Internship and work experience
There is a lot of competition for graduate roles, and gaining experience during your studies can give you an advantage in your graduate job search. Most employers will expect students to have gained some form of tangible experience in the workplace during their college years. Experience takes many forms, from involvement in clubs and societies to community work, paid or unpaid work, an internship as part of your degree course, a spring insight week or summer internship, structured work experience in a company, a laboratory or fieldwork based internship or a short period of work shadowing negotiated by you with an employer. Internships and work experience can have many career benefits such as:
- Significantly boost your chances of a securing a job you want after university
- A selling point on your CV or application that allows you to stand out from other candidates
- Work experience and internships enhance your employability and job prospects after graduation – a high percentage of graduate programme places are filled by students who have already completed an internship within the company
- Create a network of potential contacts for the future
- An opportunity to explore what it is like to work in a certain environment/job/sector. Sometimes Junior Sophister students use a laboratory or fieldwork-based internship to help them decide whether to pursue a research career after completing their degree
- If the experience is linked to your studies it can provide you with the opportunity to put course theory into practice
- Gain new skills and a better understanding of what you like and don’t like about different types of work, which will help with you future career decisions.
Visit MyCareer to see the latest internship and work experience opportunities posted by employers who want to hire Trinity students.
Types of opportunities to gain experience
Structured summer internship programmes where students receive supervised, practical experience in a company. Internships usually last between 8 and 12 weeks and are a great way to road test a career.
- Training: is provided, generally to a high level.
- Project work: You are generally given responsibility for a specific project and you are required to make a presentation at the end of the internship.
- Advertising and closing dates: positions are generally advertised between October and March. Closing dates are often early in the academic year, some as early as December.
- Target group: Junior Sophisters are the main target group, but occasionally applications may be accepted from students of other years. Students from ALL disciplines are invited to apply to the majority of roles in many industries, for example Arts and Science students are often encouraged to apply for business internships.
- Competition: competition for places is tough but keep in mind that a significant proportion of graduate vacancies are filled by applicants who have already worked for the employer as an undergraduate. Being offered a place on an internship programme often exempts you from a first round interview if you apply for a graduate position with the same company in your final year.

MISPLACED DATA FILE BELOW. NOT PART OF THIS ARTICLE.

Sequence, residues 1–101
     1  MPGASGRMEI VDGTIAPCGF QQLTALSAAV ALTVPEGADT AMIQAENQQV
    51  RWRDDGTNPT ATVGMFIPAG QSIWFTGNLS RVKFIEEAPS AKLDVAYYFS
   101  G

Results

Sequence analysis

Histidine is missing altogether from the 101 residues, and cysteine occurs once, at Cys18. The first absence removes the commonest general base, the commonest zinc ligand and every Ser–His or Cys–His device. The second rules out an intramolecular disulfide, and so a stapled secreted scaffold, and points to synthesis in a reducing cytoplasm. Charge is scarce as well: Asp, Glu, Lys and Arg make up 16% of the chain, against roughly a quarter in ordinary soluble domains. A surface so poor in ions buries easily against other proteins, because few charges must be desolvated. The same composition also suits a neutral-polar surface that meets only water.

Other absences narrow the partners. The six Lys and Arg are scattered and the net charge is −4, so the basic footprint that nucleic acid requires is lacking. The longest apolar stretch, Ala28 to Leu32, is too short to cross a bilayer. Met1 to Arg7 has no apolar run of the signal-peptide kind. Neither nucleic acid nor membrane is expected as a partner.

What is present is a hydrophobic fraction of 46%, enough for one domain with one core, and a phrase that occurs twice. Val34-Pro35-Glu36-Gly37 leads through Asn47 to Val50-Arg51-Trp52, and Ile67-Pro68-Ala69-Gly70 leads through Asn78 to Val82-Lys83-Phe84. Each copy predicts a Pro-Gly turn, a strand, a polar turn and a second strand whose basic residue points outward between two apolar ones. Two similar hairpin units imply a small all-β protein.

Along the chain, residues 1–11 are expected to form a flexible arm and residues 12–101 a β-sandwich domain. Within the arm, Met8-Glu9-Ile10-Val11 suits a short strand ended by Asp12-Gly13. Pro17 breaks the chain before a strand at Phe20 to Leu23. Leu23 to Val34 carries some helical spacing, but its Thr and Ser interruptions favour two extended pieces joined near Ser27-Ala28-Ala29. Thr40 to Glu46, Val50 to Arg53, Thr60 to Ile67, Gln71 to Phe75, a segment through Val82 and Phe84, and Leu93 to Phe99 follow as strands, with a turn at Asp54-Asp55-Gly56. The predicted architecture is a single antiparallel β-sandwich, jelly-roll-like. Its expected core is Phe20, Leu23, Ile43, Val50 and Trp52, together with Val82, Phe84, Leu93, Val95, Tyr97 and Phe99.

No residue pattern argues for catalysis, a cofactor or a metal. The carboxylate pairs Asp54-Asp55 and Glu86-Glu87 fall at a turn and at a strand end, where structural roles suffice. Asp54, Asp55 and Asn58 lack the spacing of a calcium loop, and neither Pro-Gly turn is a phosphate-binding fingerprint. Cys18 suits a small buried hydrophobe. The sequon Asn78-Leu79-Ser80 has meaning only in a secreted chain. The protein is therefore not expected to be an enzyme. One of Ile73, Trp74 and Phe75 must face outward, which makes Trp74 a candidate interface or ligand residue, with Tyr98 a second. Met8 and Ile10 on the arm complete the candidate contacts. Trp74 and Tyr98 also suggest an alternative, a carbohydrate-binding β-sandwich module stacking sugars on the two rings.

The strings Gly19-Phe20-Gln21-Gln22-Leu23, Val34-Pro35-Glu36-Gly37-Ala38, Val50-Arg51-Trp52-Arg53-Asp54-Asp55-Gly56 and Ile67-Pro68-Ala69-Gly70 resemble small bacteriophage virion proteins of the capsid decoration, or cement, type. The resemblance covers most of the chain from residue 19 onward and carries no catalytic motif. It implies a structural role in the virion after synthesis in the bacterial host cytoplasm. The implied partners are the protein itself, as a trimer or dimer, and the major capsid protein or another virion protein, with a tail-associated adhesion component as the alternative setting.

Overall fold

Major financial services and consultancy companies in the UK often target their recruitment efforts at Senior Fresh students by offering a ‘Spring Week’ internship which includes valuable experience and sectoral insight. See Spring Week Bursary for Trinity students for more information.
International work experience
You might like to go overseas during the summer months while still gaining experience. There are a number of programmes in place to help you to identify career-related vacancies. BUNAC offers programmes such as Summer Camp USA, KAMP USA and Work Canada.
For more information on options for working abroad such as internships abroad, Erasmus+ Traineeship funding, and graduate programmes visit our Working Abroad page.
All types of work can provide learning opportunities. You can gain valuable transferable skills in any type of part-time work, including commercial awareness, time-management and organisational skills.
Placements with small businesses
Working in a small to medium enterprise can be extremely valuable experience. Smaller businesses can offer more opportunities for you to get involved with working across several departments, helping you to understand how a business is run.
Work shadowing involves following or shadowing a professional for anything from a day to a few weeks, and is usually unpaid. The aim is to give students an insight into what a particular job entails and the skills that are necessary for that job. Use personal contacts or send a CV to organisations of interest to you, asking for a work shadowing opportunity.
Summer research opportunities
A number of organisations in Ireland (e.g. Health Research Board) and the UK (e.g. Genetics Society and the Society for General Microbiology) support active research participation by undergraduate students. You could also approach academics from your area of interest, both in Trinity and in other universities, and ask if they have any summer research positions available. These are often not advertised, so being proactive and asking the question could lead to research opportunities.
Voluntary work is unpaid but can involve greater variety and responsibility than a paid job. It is a great way of getting valuable experience in the workplace and building up critical skills relevant to any job such as professionalism, customer service and organisational skills. There are specifically designed volunteer projects which often take place during the summer months. Although they are voluntary, you will probably have to pay for your own flights and some additional administration costs if the opportunities are located overseas.